Chancellor Helmut Kohl today announced a plan to draw the two Germanys into an informal confederation that would eventually lead to reunification. West Germany's major opposition party also called for unity.
East Germany's leaders oppose reunification, but a proposed confederation is being discussed.
Kohl's 30-minute address to Parliament was the most thorough delineation of his vision of eliminating the partition imposed at the end of World War II.
In a 10-point plan, he proposed taking steps to "develop confederative structures between the two states in Germany in order to create a federation, a federal order."
He stressed, however, that such measures could be undertaken only if there are free elections in East Germany that include non-socialist parties. East Germany's new Communist leaders have said such elections could be held as early as next fall.
Kohl also said steps toward German reunification must be linked to improved East-West relations and a new European order based on cooperation, economic integration and greater freedom of movement.
"The future structure of Germany must fit into the whole architecture of Europe as a whole," he said.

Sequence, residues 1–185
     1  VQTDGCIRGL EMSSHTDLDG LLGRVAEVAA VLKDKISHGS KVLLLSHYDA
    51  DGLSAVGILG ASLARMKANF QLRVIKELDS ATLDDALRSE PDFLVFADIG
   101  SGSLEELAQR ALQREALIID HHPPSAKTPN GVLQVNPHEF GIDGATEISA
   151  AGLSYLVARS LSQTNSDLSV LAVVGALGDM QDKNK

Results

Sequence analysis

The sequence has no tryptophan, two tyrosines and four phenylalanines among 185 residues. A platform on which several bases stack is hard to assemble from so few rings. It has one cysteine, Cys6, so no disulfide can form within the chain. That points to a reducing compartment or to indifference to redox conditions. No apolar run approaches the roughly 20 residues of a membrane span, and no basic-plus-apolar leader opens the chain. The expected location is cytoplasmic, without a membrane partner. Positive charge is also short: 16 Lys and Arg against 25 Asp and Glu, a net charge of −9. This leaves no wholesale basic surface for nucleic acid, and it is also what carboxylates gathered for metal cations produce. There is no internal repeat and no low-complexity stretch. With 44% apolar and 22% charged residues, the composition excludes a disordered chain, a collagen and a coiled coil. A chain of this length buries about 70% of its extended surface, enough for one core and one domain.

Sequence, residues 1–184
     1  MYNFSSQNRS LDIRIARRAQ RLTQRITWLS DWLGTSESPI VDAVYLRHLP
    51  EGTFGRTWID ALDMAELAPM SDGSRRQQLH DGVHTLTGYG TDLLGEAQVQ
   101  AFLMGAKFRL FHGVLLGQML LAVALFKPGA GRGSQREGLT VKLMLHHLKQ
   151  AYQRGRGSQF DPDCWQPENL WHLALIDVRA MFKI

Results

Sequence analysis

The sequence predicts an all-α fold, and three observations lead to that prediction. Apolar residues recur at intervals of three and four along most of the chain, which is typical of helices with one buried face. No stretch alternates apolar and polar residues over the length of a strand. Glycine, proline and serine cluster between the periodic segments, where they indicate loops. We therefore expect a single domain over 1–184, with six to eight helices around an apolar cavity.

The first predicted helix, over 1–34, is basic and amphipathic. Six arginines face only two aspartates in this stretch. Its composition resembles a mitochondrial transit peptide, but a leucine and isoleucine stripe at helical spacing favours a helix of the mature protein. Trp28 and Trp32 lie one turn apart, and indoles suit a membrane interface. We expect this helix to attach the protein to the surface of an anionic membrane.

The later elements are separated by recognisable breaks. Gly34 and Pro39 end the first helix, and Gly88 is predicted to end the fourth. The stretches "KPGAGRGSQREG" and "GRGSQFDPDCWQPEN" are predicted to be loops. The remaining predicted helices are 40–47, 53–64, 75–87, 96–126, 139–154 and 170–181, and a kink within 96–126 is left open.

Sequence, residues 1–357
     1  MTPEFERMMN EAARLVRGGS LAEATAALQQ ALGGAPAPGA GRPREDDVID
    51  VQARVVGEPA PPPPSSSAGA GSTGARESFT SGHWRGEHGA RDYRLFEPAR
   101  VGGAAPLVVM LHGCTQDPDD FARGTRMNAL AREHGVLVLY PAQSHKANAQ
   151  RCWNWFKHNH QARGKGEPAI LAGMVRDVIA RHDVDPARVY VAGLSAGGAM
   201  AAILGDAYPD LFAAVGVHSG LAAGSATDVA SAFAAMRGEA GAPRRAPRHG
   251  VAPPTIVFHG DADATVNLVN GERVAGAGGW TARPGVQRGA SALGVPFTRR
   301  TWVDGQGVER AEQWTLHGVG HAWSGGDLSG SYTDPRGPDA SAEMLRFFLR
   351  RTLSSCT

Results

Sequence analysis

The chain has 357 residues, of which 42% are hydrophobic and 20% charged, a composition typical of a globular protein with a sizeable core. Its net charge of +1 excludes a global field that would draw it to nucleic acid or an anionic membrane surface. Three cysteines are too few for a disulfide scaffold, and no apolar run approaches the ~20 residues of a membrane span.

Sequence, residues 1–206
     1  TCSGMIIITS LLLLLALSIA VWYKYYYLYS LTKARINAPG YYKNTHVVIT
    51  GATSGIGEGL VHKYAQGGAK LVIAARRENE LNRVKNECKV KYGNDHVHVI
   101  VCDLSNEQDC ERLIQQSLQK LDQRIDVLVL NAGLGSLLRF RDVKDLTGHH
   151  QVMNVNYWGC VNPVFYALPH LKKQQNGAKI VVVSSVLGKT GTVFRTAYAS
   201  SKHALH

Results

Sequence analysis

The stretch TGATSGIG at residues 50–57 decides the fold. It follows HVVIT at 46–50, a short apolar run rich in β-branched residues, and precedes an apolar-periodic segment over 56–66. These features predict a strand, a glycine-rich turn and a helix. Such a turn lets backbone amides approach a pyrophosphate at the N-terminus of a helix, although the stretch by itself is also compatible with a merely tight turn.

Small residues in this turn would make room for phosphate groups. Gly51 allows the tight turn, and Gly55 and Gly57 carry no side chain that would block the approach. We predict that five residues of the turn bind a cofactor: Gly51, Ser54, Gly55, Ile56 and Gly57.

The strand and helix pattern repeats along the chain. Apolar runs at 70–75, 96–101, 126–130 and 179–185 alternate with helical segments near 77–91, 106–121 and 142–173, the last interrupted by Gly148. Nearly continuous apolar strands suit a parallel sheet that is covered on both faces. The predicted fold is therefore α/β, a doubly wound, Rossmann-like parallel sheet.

Kohl suggested the creation of consultative committees with East Germany, including a joint parliamentary panel.
"Such a coming together is in the interest of the continuation of German history," Kohl said.
Earlier, Hans-Jochen Vogel, the leader of the opposition Social Democrats, proposed a confederation between the German states as an interim step toward unity. He also insisted that German unity must come as part of the process of overall European integration.
Vogel used the word unity rather than formal reunification in his speech to Parliament.
In the past, the Social Democrats have cautioned against hastening toward reunification, and some in the leftist party have opposed it.
The ZDF television network said Kohl gave no dates for the completion of his plan in an earlier talk with governing party lawmakers. Kohl has previously said he envisions a reunited Germany existing peacefully with its neighbors and other countries.
The newspaper Bild said Kohl's plan includes setting up joint committees to coordinate cooperation in economic matters, crime prevention, ecology and other domestic areas, while "leaving membership in NATO and the Warsaw Pact untouched."